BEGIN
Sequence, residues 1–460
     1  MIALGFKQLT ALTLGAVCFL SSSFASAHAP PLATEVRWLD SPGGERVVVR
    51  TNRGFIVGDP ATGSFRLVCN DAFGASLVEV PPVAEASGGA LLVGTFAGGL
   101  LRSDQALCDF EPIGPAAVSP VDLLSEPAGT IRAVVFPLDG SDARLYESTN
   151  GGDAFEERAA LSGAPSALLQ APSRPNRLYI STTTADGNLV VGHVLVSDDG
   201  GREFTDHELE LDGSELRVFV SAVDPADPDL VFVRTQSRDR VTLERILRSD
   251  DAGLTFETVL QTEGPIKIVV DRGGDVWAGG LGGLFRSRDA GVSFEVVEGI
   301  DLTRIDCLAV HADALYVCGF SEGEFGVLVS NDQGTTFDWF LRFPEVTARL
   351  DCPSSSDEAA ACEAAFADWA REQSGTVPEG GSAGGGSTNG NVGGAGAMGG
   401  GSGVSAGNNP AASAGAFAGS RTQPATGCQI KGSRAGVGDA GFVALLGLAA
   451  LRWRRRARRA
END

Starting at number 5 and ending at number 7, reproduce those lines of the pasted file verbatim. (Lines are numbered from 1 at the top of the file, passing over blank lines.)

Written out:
   151  GGDAFEERAA LSGAPSALLQ APSRPNRLYI STTTADGNLV VGHVLVSDDG
   201  GREFTDHELE LDGSELRVFV SAVDPADPDL VFVRTQSRDR VTLERILRSD
   251  DAGLTFETVL QTEGPIKIVV DRGGDVWAGG LGGLFRSRDA GVSFEVVEGI